Wemos D1 R1 ESP8266 UART communication

In some programs that are used for reading the DSMR meter, it is assumed that at least two UARTs are available. Unlike ESP32 and related boards, the WeMos D1 does not have a dual UART on board. The second UART on the ESP8266 is used for flashing the eeprom. Therefore only Serial can be used in the sketch and not Serial1. That makes using the WeMos for reading the DSMR meter complex.
My advise check this regarding the use of Serial and Serial1 – Reference ยท ESP8266 Arduino Core

Basically, if you are using Serial, that is the connection on UART0 RX and UART0 TX.
This is the connection that is already connected on the board to the USB to Serial bridge.
As a result, if you are using Serial, that should be stuff you are either reading from or writing to the computer. Hooking anything else to the UART0 RX and TX lines is strongly not recommended despite how much you might think it would simplify your life as it is going to result in logic level conflicts, potential damage to chips and (more likely than not) not getting the results you expect.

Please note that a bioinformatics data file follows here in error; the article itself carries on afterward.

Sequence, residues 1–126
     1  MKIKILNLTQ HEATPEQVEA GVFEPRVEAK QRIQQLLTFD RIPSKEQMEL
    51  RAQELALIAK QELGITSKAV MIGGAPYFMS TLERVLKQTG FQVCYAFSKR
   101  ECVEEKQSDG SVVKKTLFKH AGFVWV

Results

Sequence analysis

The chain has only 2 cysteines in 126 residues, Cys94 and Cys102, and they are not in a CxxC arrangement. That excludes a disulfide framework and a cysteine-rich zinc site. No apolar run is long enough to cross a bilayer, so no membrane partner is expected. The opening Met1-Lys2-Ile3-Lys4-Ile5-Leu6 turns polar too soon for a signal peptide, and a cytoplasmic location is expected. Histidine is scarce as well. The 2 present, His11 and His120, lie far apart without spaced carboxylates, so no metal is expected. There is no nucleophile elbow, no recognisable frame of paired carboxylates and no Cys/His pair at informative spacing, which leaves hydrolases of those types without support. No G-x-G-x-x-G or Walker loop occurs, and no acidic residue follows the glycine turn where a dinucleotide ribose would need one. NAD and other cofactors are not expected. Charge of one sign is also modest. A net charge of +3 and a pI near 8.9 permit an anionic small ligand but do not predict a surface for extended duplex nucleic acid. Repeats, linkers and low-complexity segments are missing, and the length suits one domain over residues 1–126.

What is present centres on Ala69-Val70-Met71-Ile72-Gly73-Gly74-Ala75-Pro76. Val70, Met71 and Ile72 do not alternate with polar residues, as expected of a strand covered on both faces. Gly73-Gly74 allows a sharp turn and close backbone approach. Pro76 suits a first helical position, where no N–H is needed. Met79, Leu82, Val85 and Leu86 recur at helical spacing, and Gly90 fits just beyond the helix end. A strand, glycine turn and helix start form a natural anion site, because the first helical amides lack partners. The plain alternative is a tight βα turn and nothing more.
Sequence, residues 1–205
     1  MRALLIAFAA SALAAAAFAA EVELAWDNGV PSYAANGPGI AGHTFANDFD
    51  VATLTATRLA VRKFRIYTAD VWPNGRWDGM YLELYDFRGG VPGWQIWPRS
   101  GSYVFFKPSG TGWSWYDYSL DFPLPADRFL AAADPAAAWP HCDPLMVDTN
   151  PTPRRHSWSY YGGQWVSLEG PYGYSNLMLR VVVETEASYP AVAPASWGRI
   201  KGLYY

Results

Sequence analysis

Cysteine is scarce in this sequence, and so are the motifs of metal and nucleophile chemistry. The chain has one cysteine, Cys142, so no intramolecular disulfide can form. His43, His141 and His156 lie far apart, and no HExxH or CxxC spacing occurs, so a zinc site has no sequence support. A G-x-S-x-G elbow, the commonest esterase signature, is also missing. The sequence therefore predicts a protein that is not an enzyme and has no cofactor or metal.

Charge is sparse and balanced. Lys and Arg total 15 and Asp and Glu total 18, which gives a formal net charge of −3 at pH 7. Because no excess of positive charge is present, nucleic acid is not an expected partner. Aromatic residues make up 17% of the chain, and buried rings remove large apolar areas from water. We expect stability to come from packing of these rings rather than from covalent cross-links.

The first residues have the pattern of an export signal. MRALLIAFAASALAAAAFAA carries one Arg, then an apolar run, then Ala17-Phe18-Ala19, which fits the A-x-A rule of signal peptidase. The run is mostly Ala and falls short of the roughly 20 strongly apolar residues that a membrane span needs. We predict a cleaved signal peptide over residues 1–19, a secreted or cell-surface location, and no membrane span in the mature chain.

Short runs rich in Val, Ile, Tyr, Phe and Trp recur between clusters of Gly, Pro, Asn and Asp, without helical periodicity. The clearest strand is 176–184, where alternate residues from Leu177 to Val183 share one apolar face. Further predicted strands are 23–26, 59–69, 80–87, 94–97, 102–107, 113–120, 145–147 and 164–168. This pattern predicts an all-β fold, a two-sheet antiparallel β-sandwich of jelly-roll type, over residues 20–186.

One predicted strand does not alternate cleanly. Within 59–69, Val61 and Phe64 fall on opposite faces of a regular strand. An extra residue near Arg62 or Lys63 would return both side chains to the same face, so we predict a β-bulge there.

The only exception to this is if you are both sure that the USB to serial bridge tri-states the lines (i.e. goes high impedance) when the USB connection is not active and you also are not intending to communicate the data to the computer at all – e.g. you are displaying it locally on an LCD, passing data over Wi-Fi / Bluetooth (OTA) or storing it to a microSD card etc.

If you are using Serial1, then it is using UART1 RX1 and UART1 TX1.

Yes, there are two hardware serial ports on the ESP8266 and this one uses different pins for connection, but this second UART comes with a major issue –
you cannot use it for receiving data because the RX1 line is shared with the flash chip that is providing the data for the sketch itself!!!

Attempting to use it will (you guessed it) cause logic level conflicts and potentially even sketch crashes as the core fails to read from the serial flash memory. This is just how the ESP8266 “package” is, unfortunately, and the ESP32 is a bit more forgiving in this regard (to what I know).

This is why I have recommended set-up software-serial to have a second software-based UART on any set of pins you would like. This is not 100% perfect especially at higher baud rates or if you’re doing a lot of work inside the sketch as it does consume some CPU time and comes with risks of losing data if the timings are unfavorable.